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Flying LotusUntil the Quiet Comes

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  • Following the overwhelming prog opera of last album Cosmogramma, Flying Lotus takes a step back.
  • published
    3 Oct 2012
  • words by
    Tom Lea
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    Flying Lotus
    Warp
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Until the Quiet Comes FACT review

Available on: Warp LP

Flying Lotus’s new album, Until the Quiet Comes, hardly finds the Los Angeles-based producer at a difficult time in his career – his popularity is sky high, his booking fee presumably more than healthy, and even an album of cutting room floor detritus would send the Internet wild at this point – but it does capture him at an interesting point, musically. His last album, Cosmogramma, saw Lotus take the aesthetic that he’d helped to popularise – stoned slacker hip-hop, mostly instrumental with Dilla-indebted drums and a permanent squint from the sun in its eyes – and treat it like high art. Cosmogramma was effectively one long track, a rock opera of modern instrumental hip-hop (despite all the guitar on Rustie’s Glass Swords, Cosmo was definitely the prog record of the two) that aimed to align both sides of Lotus’s musical upbringing: the underground hip-hop of his peers and the space-jazz lineage of his family (Lotus is, famously, the great nephew of Alice Coltrane). For some, it worked, for others, it didn’t, but it would take a cold heart to criticise Lotus for taking a step back on Until the Quiet Comes.

Until the Quiet Comes bears more semblance to hip-hop than it does jazz, though it’s delivered with the sort of fantastical approach that makes one suspect Lotus allowed himself to daydream, as opposed to the more studious and – for want of a less dramatic word – torturous feel that Cosmogramma gave off. Early track ‘Getting There’ is coated in sprinkles of gold dust, while the subsequent ‘Until the Colours Came’ feels like being submerged into a pink, warm lagoon, bubbles carried away by the wind. Combined with the strutting opener ‘All In’, the album’s first 10 minutes prepare you for one of 2012’s prettiest records – there’s not a lot here that will necessarily stick in your head, but its ability to carry you away while it’s on is something else.

Unfortunately, for me at least, Until the Quiet Comes doesn’t carry on in this vein. Since his second album (and still, for me, his best) Los Angeles, there’s been a tendency for Lotus to get a little too fiddly with his tracks – you get the impression he finds it hard to leave them alone, and the results can be a little on the IDM side of things (most noticeable on 2010′s Pattern Grid World EP). ‘Tiny Tortures’’s metronome-esque percussion just becomes annoying, while you can’t help thinking that the teary piano on ‘All the Secrets’ might benefit from more space and less emphasis on the restless drums. The twee ‘Putty Boy Strut’ would have seemed too cutesy on an RJD2 album in 2002, let alone anything released in 2012, and although ‘Sultan’s Request’ isn’t a bad track on its own terms, its jarring square wave bassline feels at odds with the way that the rest of the album flows up to that point.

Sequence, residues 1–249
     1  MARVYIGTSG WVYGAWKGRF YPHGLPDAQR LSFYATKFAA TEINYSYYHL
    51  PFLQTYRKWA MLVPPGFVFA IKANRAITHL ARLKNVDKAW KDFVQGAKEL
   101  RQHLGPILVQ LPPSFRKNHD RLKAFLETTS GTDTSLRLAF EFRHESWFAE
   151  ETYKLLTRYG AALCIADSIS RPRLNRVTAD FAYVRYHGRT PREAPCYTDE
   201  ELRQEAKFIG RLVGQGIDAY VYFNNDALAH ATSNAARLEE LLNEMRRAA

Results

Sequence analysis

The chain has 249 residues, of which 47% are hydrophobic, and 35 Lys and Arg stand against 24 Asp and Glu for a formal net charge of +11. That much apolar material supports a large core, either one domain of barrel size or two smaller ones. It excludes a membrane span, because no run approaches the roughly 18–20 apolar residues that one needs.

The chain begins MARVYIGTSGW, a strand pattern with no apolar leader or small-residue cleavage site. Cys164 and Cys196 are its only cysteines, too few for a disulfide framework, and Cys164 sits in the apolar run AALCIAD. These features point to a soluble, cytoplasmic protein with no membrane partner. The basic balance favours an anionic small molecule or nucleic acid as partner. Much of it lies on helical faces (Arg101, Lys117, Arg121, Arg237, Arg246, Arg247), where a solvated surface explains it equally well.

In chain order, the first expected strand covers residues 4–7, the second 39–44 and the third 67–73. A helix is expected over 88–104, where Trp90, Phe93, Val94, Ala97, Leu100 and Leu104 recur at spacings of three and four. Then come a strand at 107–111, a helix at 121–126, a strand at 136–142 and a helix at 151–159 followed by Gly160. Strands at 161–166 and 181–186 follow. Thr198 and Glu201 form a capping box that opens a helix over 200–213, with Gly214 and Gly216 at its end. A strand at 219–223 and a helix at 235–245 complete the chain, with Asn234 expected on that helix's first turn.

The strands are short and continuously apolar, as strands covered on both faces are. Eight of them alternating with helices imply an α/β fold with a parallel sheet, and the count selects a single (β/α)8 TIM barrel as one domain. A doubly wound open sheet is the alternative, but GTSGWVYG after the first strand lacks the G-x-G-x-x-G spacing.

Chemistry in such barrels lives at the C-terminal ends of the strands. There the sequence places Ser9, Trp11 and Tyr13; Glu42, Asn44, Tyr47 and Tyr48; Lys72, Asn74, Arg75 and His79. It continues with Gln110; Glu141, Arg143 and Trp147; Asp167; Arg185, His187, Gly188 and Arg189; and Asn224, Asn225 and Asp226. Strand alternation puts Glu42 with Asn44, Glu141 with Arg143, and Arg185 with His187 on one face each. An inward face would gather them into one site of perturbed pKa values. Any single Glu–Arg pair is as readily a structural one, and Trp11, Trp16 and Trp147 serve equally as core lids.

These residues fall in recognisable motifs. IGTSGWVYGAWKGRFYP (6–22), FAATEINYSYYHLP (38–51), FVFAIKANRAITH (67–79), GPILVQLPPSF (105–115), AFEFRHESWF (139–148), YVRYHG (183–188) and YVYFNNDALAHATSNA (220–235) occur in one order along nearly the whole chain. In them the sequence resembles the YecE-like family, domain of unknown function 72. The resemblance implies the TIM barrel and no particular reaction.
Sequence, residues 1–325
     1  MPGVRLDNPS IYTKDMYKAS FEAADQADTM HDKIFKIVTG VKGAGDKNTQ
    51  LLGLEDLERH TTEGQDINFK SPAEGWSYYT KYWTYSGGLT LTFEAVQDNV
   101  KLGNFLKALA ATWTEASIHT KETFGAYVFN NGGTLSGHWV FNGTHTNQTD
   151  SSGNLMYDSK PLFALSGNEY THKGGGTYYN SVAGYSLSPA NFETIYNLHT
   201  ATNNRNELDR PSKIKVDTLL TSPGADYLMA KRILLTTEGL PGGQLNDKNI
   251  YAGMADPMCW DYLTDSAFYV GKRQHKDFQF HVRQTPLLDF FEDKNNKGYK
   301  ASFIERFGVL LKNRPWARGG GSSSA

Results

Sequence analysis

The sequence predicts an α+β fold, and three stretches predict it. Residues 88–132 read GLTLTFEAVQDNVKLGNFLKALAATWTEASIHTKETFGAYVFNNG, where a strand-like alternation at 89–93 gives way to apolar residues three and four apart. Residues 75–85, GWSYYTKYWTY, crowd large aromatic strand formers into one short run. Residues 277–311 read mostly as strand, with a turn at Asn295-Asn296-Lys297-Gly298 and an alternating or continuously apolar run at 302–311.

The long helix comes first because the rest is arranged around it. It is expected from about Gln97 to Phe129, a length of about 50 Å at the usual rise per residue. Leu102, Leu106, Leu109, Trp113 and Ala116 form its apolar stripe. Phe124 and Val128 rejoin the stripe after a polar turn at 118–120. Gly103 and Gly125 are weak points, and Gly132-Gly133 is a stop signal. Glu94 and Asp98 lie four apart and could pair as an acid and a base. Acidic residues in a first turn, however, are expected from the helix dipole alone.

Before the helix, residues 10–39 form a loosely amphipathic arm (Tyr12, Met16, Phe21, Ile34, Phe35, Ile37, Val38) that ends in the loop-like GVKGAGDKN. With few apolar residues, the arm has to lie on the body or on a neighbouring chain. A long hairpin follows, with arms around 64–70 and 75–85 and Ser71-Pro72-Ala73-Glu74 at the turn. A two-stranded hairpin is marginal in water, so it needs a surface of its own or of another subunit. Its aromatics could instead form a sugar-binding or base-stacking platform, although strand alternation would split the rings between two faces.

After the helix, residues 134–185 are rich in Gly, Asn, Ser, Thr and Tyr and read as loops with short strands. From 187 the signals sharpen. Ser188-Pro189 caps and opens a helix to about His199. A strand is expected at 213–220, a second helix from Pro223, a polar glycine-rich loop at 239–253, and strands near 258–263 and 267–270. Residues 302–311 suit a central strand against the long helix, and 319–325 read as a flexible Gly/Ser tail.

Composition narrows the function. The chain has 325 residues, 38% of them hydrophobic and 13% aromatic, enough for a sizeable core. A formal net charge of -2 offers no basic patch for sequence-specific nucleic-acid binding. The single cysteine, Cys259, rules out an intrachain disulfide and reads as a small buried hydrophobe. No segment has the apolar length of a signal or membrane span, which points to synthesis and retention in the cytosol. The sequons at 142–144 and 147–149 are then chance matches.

Until the Quiet Comes’ second half features more on the squelchy, staggered instrumental hip-hop that Lotus made his name through (‘The Nightcaller’, ‘Me Yesterday//Corded’, ‘Dream To Me’), though with a little more richness and moisture than Los Angeles’ drier, sun-baked textures. It rarely sounds spectacular, but it’s easy to wonder whether this is Lotus’s fault: he clearly still does this style better than 99% of his peers – or supposed peers – but those splattered synth notes and shuffling off-beat drums have becomes so standardised, by those copying Lotus and others, that it’s hard to get excited about, even when a track like ‘Me Yesterday’ really takes off. In between these tracks are more distant, haunted, and yes, quieter moments: ‘Only if you Wanna’ wraps breezy jazz licks around translucent snares, while Thom Yorke – someone who, let’s face it, could have been a grating presence on Until the Quiet Comes – doesn’t sound like himself at all on ‘Electric Candyman’, buried under a woodpile of drum hits. But again, the results, gorgeous at times though they are, are rarely memorable, and feel more distant and less enveloping than similar tracks at the album’s opening (‘Getting There’, ‘Until the Colours Came’).

That’s the issue with Until the Quiet Comes – there’s no doubt that this a good record, and although it’s unmistakably the sound of Flying Lotus having fun, the meticulously detailed layers of its more complex tracks are incredibly impressive. But for an album that, at times, is beautiful, it doesn’t hypnotise you, it doesn’t entrance you, and even its best moments fail to stay in your head – I’ve been listening to it for the best part of a fortnight, and bar the Erykah Badu-featuring ‘See Thru to U’, I could barely hum you a single melody. I can’t help suspecting that if it wasn’t made by Flying Lotus, its reviews wouldn’t be so overwhelmingly fawning.

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